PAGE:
As temperatures rose in New England last week, 44 middle and high school students convened in the air conditioned classrooms of the Harvard Business School for a week of intensive global diplomacy training at the UNA-GB’s Model United Nations Summer Institute. These budding global leaders chose to trade in traditional camp activities like archery, swimming and horse-back riding in order to debate, negotiate, and create resolutions to the world’s most pressing issues, honing the skills they will need as global citizens and leaders in the 21st century.
The students kicked off the week with ice breakers and activities geared towards understanding the UN and learning about the complexities of human rights law. These activities taught the students effective debate skills, such as listening to each other and learning to respect and draw attention from the other delegates during the simulations. Throughout the week, students were introduced to international relations and critical 21st century skills like negotiation, public speaking and problem-solving through the lens of Model United Nations curriculum and simulations focused on terrorism and Human Rights. They had the unique opportunity to learn about the UN’s parliamentary procedure, formal debate vocabulary and how to complete high-level research through actual simulated debate and role play.
For the full simulation on Friday, the students teamed up in pairs to represent a UN member state in the General Assembly, allowing them the unique opportunity to step into the shoes of UN delegates and present their country’s position on conflict diamonds. This involved significant group work and alliance building among countries in order to come up with possible solutions. These solutions were translated into UN resolutions that were then debated and voted on by all countries.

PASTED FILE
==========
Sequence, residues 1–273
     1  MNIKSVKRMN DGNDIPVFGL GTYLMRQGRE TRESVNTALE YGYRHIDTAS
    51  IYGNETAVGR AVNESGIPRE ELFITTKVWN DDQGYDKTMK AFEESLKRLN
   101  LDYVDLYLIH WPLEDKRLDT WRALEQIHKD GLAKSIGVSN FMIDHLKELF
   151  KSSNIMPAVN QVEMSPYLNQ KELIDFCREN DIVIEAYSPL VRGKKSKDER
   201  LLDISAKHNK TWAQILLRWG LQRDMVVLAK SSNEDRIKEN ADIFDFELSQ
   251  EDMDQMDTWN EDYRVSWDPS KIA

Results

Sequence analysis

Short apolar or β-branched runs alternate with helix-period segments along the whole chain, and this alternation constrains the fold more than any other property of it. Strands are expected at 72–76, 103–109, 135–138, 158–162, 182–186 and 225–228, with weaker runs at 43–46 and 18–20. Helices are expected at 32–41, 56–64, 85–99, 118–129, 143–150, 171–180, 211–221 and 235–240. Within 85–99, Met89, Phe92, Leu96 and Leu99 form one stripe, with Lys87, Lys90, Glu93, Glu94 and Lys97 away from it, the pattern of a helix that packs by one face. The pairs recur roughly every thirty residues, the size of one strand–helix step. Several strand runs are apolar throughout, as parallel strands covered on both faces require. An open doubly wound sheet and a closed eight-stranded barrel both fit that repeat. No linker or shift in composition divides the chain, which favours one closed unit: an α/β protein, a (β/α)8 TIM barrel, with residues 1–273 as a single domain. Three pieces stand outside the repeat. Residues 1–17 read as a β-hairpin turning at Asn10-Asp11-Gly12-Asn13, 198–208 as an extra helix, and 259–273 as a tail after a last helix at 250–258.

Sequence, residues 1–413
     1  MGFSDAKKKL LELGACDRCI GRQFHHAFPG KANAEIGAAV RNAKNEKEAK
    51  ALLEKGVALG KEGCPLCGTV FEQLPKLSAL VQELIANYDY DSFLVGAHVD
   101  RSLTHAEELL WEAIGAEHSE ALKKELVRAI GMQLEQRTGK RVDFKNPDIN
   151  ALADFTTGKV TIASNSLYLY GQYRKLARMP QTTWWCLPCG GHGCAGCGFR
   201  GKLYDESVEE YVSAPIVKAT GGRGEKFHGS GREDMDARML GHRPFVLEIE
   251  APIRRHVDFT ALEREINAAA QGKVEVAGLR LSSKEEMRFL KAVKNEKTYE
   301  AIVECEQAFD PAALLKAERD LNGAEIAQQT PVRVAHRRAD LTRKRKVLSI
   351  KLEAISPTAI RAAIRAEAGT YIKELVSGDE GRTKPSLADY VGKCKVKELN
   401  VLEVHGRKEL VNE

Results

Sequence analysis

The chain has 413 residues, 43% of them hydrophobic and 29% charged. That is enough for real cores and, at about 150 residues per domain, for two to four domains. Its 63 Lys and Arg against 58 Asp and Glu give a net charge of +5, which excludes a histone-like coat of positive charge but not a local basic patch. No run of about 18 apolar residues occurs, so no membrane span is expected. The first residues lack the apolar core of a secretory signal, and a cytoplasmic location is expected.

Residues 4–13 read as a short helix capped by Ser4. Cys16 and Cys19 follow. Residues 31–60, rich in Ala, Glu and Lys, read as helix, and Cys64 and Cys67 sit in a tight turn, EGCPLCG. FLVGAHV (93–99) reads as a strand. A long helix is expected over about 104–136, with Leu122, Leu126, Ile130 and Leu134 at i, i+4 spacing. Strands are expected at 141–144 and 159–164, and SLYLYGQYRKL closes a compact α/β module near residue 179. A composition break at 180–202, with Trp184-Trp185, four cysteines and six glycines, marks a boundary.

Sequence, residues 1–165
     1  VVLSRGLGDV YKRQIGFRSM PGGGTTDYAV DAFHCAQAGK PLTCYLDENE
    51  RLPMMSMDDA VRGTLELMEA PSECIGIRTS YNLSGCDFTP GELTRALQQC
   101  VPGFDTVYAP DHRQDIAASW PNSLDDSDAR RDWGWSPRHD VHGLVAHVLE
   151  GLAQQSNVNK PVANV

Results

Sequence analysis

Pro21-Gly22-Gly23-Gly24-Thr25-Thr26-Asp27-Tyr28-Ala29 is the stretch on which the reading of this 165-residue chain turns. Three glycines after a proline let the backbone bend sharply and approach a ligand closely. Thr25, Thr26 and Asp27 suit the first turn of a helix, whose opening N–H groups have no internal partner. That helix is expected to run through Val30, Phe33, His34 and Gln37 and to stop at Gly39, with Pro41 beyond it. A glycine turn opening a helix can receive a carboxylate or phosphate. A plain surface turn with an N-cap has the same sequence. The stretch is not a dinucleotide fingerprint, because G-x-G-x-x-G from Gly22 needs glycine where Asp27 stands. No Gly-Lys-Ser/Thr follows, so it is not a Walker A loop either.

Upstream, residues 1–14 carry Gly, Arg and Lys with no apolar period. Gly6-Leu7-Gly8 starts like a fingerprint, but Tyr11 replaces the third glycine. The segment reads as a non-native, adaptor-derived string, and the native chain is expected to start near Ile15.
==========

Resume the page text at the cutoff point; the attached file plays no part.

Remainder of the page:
In order to create a resolution, the students had to recognize and understand the complexity of each global issue and they had to take into account the various economic and political implications a resolution would have on different countries. They also had to reach a compromise amid widely conflicting country interests, from Zimbabwe to the UK to China.
The dedication, seriousness and excitement exhibited by the students throughout the week was impressive and inspiring to all staff and adults in attendance. It was a real treat to see how realistic and impressive the debates were, and how the youth, no matter their age, were cooperative, motivated and committed to crafting feasible resolutions to modern day global challenges of terrorism and conflict diamonds.
We want to thank all of these future global leaders for giving up a week of their summer vacation to tackle the world’s pressing global challenges and to learn critical 21st century skills, all while having fun and building valuable friendships. We hope to see some familiar faces next summer and at the Model UN programs during the year!
Stay tuned for student testimonies and additional feedback from the second session, to be held from July 9-July 13, serving 45 more young global advocates!
– Julia Kuperminc and Catherine Schrage
Each year on October 24 we honor the the day in 1945 when the United Nations Charter came into effect. Each UN Day, throughout the globe, the efforts of the United Nations are recognized and celebrated.